‘Snappy Gilmore’: How Eliezer Paul-Gindiri became a viral TikTok sensation



Trying golf for the first time, something about the traditional swing didn’t feel right for Eliezer Paul-Gindiri.

Fidgeting, he adjusted his grip. His solution, quite literally, single-handedly changed his life.

“It was a moment (that) just came out of nowhere,” Paul-Gindiri told CNN. “I held it in one hand and it felt really comfortable and moving. I was like ‘Wait a minute, let me try this.’

“Now that I think about it, I’m like, ‘Who made me do this?’ It’s God. God blessed me with a talent that didn’t come out of nowhere.”

Swinging the club above his head, Paul-Gindiri stepped up to the tee and crushed a devastating drive into the Arizona night sky. Cue dropped jaws among onlookers at the driving range, including the one who caught the moment on camera.

The footage was far from cinema-standard, and Paul-Gindiri barely gave it a second thought as he posted the clip to his newly created TikTok account that night.

The next morning, he wakes up to the buzzing of a phone light with notifications. Overnight, the video had 1.5 million views.

It was February 2021. A year and a half later, Paul-Gindiri is a certified TikTok sensation with eye-watering engagement numbers like his one-arm swing.

With 1.9 million followers and over half a billion views, the 22-year-old has posted viral hit after viral hit with increasingly bold and creative variations of his unconventional technique.

“I think it’s just the uniqueness of it and it’s something new for golf,” Paul-Gindiri said. “You’re seeing the same stuff over and over again, it gets boring. So once people saw it, they were like, ‘What’s the point?’ They have never seen anything like it.”

The account’s name, Snappy Gilmore, was born after a friend suggested running in a swing. The moniker is a nod to the 1996 comedy “Happy Gilmore,” which stars Adam Sandler as a failed ice hockey star turned pro golfer — aided by a booming, radical swing.

Keep it quiet, but Paul-Gindiri had never seen the cult classic before mixing his technique. Naturally, this was quickly rectified, with Paul-Gindiary soon meeting up with Christopher Macdonald, who played the film’s antagonist sniper McGavin, to show off his skills.

“It was awesome,” said Paul-Gindieri, who coached MacDonald for the impressive one-handed effort. “Really good guy, we had a blast.”

Meeting the real-life Happy, Sandler, remains on the bucket list, at least for the Paul-Gindiri iconic run-up he can name thanks to the distance his shots ranged from. With an average of 250 yards, his best ever one-handed strike flew 330 yards.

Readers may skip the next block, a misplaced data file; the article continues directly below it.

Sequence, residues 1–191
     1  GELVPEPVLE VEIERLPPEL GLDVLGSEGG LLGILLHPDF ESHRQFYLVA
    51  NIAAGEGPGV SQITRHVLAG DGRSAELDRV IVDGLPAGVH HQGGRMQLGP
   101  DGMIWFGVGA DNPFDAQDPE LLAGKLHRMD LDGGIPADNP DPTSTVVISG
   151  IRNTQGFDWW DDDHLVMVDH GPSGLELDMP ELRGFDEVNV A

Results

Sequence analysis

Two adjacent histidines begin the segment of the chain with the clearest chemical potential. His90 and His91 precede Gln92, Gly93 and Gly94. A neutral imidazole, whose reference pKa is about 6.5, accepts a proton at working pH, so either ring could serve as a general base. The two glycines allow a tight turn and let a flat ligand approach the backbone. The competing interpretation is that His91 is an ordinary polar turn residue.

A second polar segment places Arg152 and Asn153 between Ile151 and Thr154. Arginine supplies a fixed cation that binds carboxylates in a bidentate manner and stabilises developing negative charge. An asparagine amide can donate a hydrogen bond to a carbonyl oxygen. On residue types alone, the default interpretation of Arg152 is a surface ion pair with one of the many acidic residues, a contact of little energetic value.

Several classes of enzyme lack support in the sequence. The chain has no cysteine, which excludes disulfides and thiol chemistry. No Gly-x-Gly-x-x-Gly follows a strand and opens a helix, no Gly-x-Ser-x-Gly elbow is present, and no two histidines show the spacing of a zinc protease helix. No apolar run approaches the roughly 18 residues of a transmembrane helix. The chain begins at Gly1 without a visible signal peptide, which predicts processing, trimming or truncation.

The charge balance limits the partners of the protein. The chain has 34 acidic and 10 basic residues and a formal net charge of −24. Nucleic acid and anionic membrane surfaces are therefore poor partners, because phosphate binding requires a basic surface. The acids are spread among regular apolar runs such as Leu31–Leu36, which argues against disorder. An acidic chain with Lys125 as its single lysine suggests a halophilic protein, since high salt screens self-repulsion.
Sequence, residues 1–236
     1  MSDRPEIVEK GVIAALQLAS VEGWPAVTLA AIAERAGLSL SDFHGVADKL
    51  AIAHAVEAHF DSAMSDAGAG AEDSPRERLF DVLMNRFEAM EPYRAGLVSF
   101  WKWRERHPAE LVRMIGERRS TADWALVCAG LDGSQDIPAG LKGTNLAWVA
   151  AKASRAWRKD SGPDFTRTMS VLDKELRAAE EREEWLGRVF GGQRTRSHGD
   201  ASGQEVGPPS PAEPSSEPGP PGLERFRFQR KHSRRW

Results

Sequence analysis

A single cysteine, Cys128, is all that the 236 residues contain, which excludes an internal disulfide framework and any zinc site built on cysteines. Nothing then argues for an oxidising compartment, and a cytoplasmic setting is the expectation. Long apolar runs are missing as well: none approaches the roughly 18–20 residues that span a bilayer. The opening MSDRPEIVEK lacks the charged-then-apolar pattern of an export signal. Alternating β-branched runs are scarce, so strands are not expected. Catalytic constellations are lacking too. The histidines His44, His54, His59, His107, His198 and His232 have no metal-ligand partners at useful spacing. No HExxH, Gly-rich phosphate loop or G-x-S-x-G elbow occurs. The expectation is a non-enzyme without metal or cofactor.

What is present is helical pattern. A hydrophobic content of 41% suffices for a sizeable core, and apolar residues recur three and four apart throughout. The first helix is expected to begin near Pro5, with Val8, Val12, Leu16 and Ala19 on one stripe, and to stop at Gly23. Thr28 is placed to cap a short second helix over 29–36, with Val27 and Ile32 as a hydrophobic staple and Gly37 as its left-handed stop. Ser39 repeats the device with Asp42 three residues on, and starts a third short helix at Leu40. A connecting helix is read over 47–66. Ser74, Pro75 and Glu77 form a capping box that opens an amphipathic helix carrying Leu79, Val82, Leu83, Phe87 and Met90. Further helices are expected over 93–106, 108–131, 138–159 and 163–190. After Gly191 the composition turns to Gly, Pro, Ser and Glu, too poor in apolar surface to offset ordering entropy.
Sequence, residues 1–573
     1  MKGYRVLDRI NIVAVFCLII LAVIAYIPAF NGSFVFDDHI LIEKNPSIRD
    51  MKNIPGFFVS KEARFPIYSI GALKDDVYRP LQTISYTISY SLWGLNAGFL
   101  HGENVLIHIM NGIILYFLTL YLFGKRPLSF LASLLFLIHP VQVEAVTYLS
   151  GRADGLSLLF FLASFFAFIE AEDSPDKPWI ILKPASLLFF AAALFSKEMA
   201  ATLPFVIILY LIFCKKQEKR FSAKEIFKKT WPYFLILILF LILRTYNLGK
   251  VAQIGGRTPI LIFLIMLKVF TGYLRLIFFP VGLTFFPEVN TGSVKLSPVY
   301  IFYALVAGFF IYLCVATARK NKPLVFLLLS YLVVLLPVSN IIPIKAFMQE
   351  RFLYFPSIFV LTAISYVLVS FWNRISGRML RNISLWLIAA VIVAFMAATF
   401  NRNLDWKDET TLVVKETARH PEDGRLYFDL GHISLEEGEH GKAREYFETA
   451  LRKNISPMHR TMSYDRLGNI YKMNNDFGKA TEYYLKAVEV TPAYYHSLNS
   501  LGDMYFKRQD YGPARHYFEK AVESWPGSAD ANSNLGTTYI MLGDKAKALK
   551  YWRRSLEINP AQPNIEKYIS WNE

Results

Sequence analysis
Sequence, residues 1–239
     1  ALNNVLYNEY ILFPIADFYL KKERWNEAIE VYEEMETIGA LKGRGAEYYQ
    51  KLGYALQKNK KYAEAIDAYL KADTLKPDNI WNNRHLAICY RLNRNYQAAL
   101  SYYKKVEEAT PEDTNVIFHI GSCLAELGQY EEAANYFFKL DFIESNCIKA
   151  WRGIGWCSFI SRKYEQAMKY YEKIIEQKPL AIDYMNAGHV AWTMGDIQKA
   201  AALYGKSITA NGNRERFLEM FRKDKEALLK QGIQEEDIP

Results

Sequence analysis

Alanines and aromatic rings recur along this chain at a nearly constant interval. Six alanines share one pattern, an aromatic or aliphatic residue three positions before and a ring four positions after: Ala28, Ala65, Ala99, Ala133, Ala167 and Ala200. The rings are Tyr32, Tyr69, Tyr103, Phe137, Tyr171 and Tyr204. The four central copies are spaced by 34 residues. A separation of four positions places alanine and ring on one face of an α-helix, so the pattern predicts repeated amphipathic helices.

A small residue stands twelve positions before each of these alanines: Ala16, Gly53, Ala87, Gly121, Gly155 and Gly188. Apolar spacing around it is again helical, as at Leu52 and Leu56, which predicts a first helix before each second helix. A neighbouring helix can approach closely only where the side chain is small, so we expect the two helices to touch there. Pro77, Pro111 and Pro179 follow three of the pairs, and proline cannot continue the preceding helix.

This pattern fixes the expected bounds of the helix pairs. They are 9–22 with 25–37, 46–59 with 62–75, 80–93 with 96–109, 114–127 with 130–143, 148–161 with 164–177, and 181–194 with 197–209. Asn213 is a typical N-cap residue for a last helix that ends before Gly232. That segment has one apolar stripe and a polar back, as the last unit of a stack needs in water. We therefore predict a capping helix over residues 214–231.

That average is just 50 yards below the 299.6-yard average on the PGA Tour this season, as Cameron Champ leads with 321.4 yards.

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Paul-Gindiri has demonstrated his technique to several tour players, including legendary big hitter Bryson DeChambeau. The 2021 Tour’s tallest driver was surprised when the pair met in May, and Paul-Gindiri said it was a common reaction among professionals.

“They were trying to figure out how I do it,” he added. “I’ve met a couple of PGA Tour players and they tell me what I do is crazy sick, and I should do what I’m doing.”

Professional players have been amazed by Snappy's technique.

Incredibly, Paul-Gindiri also used to putt with one hand, though he has since switched to the traditional two-handed grip as he seeks to master both grips and improve on his personal-best round of 76. is, obtained entirely with one hand. It edges his current two-handed best – by one stroke – a six-over 77 card last week.

Yet the social media star has set his sights on goals beyond the fairway. A keen footballer and a die-hard Manchester United fan, Paul-Gindiri dreams of following in the footsteps of his idol, Cristiano Ronaldo.

Paul-Gindiri demonstrates his one-handed holding technique.

Paul-Gindiri played for Contra Costa College for two years, leaving his family in Nigeria to move to the San Francisco Bay Area in 2017. A faction in the semi-professional game was curtailed by the pandemic and soccer activities slowed when he moved to Arizona, but he is determined to pick up where he left off this year.

Read more: Schoolboy who made golf history: The double life of 15-year-old Ratchanan ‘TK’ Chantananuwat

And while he may not have any tricks up his sleeve as unconventional as a one-handed swing, his athletic flexibility extends to the football pitch.

“I’m really good with both feet,” he said. “People don’t know if I’m left-footed or right-footed, so I guess that’s my little thing.”

Yet while he combines these ambitions with college, his commitments to golf will continue. A year and a half after that fateful evening on the range, Paul-Gindiri is as determined as ever to inspire people to take up the sport, especially for those who might find it difficult to replicate the traditional swing – such as amputees. Person or people disability, he said.

“There are a lot of people … who think they can’t golf and seeing what I do brings a different perspective to the game,” he said. “Not only that, I’m bringing in people who have never been interested in golf. They see what I do and they’re like, ‘Oh, that’s really cool, I really want to give it a shot.’

“If I never went to the range that night, I wouldn’t be who I am today, so that keeps me going and makes me happy.”

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